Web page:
Hassium

Hs108element 108SergeniumUnniloctium
Hassium is a chemical element with the symbol Hs and the atomic number 108.wikipedia
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Symbol (chemistry)

symbolchemical symbolchemical symbols
Hassium is a chemical element with the symbol Hs and the atomic number 108.
For example, "Uno" was the temporary symbol for hassium (element 108) which had the temporary name of unniloctium, based on its atomic number being 8 greater than 100.

Darmstadt

Darmstadt, GermanyHessen-DarmstadtDA
Later in 1984, an attempt was made at the Gesellschaft für Schwerionenforschung (GSI) in Darmstadt, Hesse, West Germany, which claimed to have synthesized it. Later in 1984, a research team led by Peter Armbruster and Gottfried Münzenberg at the Gesellschaft für Schwerionenforschung (GSI; Institute for Heavy Ion Research) in Darmstadt, Hesse, West Germany, attempted to create element 108.
The European Organisation for the Exploitation of Meteorological Satellites (EUMETSAT) and the European Space Operations Centre (ESOC) are located in Darmstadt, as well as GSI Centre for Heavy Ion Research, where several chemical elements such as bohrium (1981), meitnerium (1982), hassium (1984), darmstadtium (1994), roentgenium (1994), and copernicium (1996) were discovered.

Hesse

HessenHessianHessia
Later in 1984, an attempt was made at the Gesellschaft für Schwerionenforschung (GSI) in Darmstadt, Hesse, West Germany, which claimed to have synthesized it. Later in 1984, a research team led by Peter Armbruster and Gottfried Münzenberg at the Gesellschaft für Schwerionenforschung (GSI; Institute for Heavy Ion Research) in Darmstadt, Hesse, West Germany, attempted to create element 108.
The synthetic element hassium, number 108 on the periodic table, was named after the state of Hesse in 1997, following a proposal of 1992.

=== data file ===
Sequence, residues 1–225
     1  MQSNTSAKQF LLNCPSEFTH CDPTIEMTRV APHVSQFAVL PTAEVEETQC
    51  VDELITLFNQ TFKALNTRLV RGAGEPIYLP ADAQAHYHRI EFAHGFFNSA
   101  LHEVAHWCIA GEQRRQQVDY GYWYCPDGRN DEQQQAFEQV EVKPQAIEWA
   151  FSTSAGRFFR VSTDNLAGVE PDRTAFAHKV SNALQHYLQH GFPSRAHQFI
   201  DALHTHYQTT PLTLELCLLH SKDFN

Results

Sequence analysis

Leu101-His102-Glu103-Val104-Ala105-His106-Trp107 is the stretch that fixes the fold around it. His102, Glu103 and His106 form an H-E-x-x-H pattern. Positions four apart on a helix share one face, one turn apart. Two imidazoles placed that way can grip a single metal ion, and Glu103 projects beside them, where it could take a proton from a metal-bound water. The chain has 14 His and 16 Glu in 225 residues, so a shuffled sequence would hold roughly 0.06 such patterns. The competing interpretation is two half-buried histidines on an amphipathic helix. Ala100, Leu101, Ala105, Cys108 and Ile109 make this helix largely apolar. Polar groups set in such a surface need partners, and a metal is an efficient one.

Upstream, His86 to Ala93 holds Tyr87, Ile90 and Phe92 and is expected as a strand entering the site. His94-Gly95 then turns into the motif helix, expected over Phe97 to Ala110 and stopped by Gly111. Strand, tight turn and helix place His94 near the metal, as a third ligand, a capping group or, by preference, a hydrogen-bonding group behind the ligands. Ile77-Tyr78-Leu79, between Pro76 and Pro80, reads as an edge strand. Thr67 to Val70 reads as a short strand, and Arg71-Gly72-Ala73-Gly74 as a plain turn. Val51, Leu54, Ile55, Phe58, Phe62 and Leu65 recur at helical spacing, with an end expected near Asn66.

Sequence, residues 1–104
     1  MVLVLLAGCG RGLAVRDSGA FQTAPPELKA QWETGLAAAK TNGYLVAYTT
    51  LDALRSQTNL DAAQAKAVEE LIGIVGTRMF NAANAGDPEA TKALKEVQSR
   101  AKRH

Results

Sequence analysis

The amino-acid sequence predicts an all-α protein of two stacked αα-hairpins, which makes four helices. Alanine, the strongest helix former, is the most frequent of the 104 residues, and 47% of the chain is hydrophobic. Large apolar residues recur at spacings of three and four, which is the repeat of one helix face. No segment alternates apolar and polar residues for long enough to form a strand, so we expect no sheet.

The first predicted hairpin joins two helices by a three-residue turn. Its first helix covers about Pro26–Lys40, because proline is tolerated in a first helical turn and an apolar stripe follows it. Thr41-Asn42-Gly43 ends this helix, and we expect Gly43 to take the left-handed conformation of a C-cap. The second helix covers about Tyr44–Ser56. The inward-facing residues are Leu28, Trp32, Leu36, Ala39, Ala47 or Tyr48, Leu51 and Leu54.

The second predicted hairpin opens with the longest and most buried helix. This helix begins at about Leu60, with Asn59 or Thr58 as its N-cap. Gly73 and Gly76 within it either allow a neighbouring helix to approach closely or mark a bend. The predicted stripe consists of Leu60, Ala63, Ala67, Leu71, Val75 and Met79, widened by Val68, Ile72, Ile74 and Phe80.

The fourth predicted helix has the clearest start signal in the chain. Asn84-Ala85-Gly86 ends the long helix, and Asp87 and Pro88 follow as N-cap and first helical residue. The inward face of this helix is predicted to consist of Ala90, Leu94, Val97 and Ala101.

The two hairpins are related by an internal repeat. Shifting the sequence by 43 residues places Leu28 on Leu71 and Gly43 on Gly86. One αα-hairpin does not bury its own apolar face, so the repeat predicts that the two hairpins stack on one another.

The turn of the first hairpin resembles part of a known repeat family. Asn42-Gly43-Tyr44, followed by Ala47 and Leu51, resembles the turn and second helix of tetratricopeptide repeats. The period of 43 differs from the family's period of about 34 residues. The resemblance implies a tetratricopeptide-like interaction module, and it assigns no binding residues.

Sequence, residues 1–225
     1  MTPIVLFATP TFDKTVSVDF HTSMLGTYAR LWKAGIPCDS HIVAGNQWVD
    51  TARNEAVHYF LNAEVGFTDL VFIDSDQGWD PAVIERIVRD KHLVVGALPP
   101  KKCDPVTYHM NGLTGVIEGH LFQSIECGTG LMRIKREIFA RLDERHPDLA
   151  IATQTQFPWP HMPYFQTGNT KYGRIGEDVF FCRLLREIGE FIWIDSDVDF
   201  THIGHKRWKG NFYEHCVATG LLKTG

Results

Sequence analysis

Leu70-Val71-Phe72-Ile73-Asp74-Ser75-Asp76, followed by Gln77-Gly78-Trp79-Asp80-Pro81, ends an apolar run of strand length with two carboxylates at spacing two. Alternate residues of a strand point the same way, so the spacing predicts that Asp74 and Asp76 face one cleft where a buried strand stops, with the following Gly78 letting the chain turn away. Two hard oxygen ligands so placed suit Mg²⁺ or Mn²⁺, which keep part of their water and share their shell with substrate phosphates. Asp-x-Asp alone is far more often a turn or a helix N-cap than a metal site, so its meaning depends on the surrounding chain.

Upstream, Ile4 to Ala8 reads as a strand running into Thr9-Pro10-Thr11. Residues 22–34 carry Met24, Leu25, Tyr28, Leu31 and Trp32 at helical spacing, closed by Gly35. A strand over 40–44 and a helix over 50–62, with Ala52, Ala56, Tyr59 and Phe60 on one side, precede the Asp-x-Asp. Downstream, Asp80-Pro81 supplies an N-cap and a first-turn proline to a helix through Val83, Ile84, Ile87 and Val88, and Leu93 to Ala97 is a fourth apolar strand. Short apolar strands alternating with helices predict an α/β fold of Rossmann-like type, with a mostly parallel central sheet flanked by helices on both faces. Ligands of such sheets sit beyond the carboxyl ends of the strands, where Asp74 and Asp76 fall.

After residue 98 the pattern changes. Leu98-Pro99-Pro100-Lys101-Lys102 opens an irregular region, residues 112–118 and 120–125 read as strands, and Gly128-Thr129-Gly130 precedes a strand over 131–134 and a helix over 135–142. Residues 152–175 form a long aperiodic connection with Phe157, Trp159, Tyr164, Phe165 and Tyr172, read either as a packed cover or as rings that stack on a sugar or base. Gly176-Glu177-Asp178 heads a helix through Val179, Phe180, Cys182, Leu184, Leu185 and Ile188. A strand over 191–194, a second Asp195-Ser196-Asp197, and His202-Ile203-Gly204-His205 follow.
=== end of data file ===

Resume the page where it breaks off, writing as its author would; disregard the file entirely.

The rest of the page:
Osmium

Osos'''miumosmiophilic
Chemistry experiments have confirmed that hassium behaves as the heavier homologue to osmium, in group 8, reacting readily with oxygen to form a volatile tetroxide. The previous members of group 8 have relatively high melting points; (Fe, 1538 °C; Ru, 2334 °C; Os, 3033 °C).
The +8 oxidation state is notable for being the highest attained by any chemical element aside from iridium's +9 and is encountered only in xenon, ruthenium, hassium, and iridium.

GSI Helmholtz Centre for Heavy Ion Research

GSIGesellschaft für SchwerionenforschungInstitute for Heavy Ion Research
Later in 1984, an attempt was made at the Gesellschaft für Schwerionenforschung (GSI) in Darmstadt, Hesse, West Germany, which claimed to have synthesized it. Later in 1984, a research team led by Peter Armbruster and Gottfried Münzenberg at the Gesellschaft für Schwerionenforschung (GSI; Institute for Heavy Ion Research) in Darmstadt, Hesse, West Germany, attempted to create element 108.
Elements discovered at GSI: bohrium (1981), meitnerium (1982), hassium (1984), darmstadtium (1994), roentgenium (1994), and copernicium (1996).

Peter Armbruster

P. Armbruster
Later in 1984, a research team led by Peter Armbruster and Gottfried Münzenberg at the Gesellschaft für Schwerionenforschung (GSI; Institute for Heavy Ion Research) in Darmstadt, Hesse, West Germany, attempted to create element 108.